Near coincident is where the mics are close, but the capsules have a spacing, usually at least half a foot and less than a full foot and angled outward. ORTF (Office de Radiodiffusion-Television Francaise) is in this category (cardioids typically 110 degrees and a spacing of ~14 cm between capsules), as well as the Jeckelin Disc, the dummy head (I think neumann and AKG both still manufacture dummy heads...not sure though). These are typically cardioid...although any pattern can be used for different results (the better dummy-heads are usually tiny omni's placed in the ears of the dummy head and derives it's directionality from the canal, lobes, and shape of the face).

Coincident is where the mic capsules are right next to each other. The members of this category vary widely, but the capsules are always right next to each other and therefore by definition mono-compatible (there are a number of mics designed specifically for this category like the AKG c426b, the neumann sm69, the rode nt4, akg c24, a number of double ribbon mics, etc.) :

XY - typically between 60 and 120 degree seperation...usually cardioid facing left and right. (Omni x/y is an interesting idea that can yield surprising results...especially with large di omni's, due to the affect that frequency has on the polar response of all large di's and omni's.)

Blumlein - almost always 90 degrees facing left and right; by definition figure 8 patterns are used...frequently used in classical and is commonly thought to provide the most accurate capture of stereo sound possible.

M/S - mid-side, the 'm' mic can be any pattern really, but the 's' mic is always figure eight (once again by definition). M faces forward, and the + pole of the S mic faces to the left...hence the name mid-side. The signals are summed to create the left signal and differenced to create the right signal (called sum and difference matrixing). A 1 to 1 sum and difference with a cardioid m and figure eight s will result in a mathematically identical result as a 90 degree forward facing cardioid based xy. The ability to vary the ratio of m to s signal (the width of the audio) without touching the mics makes this an extremely versatile techniques for live recording and permanent hanging installations in concert halls.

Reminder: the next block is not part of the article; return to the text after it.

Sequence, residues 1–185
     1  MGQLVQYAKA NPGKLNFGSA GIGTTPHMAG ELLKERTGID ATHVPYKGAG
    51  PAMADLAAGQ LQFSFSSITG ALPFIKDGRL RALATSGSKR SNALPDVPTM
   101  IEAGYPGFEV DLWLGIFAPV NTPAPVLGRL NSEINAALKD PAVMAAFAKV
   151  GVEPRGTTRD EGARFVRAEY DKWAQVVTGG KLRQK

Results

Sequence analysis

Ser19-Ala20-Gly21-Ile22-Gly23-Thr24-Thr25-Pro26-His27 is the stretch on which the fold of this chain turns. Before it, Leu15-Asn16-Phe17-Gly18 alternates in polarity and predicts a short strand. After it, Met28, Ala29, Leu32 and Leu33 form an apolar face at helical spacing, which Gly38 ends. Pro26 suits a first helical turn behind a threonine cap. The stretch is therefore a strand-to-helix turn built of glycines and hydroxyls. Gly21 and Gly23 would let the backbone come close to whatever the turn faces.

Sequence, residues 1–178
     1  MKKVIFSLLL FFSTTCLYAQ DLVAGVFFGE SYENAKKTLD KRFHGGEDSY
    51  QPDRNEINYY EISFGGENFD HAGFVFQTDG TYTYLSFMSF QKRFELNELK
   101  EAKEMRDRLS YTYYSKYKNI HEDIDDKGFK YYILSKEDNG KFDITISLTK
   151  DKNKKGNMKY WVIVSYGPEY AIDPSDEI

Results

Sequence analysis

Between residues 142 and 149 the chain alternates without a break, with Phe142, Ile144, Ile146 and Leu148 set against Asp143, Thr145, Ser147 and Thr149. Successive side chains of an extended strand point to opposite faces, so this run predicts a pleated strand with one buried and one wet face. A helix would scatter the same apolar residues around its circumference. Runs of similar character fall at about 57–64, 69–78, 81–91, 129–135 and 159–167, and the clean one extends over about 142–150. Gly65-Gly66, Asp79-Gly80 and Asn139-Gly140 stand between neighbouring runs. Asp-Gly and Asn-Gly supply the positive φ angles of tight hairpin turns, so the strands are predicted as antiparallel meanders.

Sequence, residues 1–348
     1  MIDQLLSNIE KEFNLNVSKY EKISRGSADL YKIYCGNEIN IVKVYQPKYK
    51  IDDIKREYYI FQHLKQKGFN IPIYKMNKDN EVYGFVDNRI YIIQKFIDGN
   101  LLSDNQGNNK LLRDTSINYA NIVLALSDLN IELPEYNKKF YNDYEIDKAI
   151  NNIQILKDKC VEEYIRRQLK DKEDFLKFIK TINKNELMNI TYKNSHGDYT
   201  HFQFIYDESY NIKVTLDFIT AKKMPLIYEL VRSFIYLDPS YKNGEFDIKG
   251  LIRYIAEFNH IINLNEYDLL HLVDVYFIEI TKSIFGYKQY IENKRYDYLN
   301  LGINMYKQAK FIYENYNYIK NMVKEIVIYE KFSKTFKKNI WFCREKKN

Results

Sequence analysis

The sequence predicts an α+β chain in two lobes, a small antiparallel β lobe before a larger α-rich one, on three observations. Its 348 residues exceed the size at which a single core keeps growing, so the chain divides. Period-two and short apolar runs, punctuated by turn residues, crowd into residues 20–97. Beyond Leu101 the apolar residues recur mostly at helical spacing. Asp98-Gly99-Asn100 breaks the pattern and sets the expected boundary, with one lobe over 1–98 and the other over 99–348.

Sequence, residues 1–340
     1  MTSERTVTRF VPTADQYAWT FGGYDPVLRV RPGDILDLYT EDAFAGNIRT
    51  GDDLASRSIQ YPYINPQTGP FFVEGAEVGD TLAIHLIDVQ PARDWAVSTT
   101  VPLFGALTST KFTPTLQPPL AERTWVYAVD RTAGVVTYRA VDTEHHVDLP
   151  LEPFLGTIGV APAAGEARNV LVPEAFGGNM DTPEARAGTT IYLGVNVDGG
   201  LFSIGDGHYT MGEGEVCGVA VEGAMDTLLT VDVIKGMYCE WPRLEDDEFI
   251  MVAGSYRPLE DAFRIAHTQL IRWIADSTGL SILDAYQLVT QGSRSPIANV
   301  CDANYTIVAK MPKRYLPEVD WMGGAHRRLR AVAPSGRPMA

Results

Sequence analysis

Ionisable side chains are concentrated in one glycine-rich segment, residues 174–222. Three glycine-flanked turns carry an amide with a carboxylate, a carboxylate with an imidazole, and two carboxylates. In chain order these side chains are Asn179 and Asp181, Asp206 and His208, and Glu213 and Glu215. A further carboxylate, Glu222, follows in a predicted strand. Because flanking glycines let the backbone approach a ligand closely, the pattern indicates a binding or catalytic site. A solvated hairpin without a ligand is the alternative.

I hope this helps a little with different stereo concepts. The best summation of all current stereo techniques that I've ever seen was written by Wes Dooley and published in the AES journal back in...geez, 82 I think. They've since compiled a bunch of articles on stereo techniques and offer it for sale...I think this article is in it but I'm not sure.

One other point of clarification...overheads got their name from being exactly that: above the head of the player...usually a little bit between the players head and the kit, and at least high enough so the drummer doesn't hit the mics...but as with anything in recording, this isn't written in stone and several other ways of micing 'overhead' are tried, some with success, some with no success, each and every day in studios around the world.

Cheers,
Chris

Chris Cavell 07-18-2004 04:24 PM

Re: Let\'s hear your latest stuff....right here
 
I found the article I mentioned (just the article, not the compilation):

You can buy it online in pdf form for 10 bucks, or 5 if you're a member:

www.aes.org
Basic Stereo Microphone Perspectives-A Review
Volume 33 Number 7/8 pp. 548-556; July/August 1985
Authors: Streicher, Ron; Dooley, Wes

scottedog 07-18-2004 06:19 PM

Re: Let\'s hear your latest stuff....right here
 
Quote:

Honestly, I consider this a pretty darn rough mix for me! I've got a long ways to go before I'm completely satisfied with it.

Chris,

I think you need to look back to when you first started, I think you would have been very pleased with work like this. I'll grant you it needs tweaking but as a rookie I'd be over the moon to have done this kinda work to say the least.

Oh, and thanks for the lesson on stereo mic placement. Hands cramped?

Gene Backlin 07-19-2004 06:32 AM

Re: Let\'s hear your latest stuff....right here
 
Quote:

Will do tonight. I am in Chicago until this afternoon.

Hey Doc,

Next time your in town....give me a call.


Chris,

Just repeating what others said, Great Job !

Take Care,
Gene

IntelDoc 07-19-2004 06:47 AM

Re: Let\'s hear your latest stuff....right here
 
Sorry Gene!
forgot that you were there...

I was in La Grange Park all weekend visiting the fam...

- Doc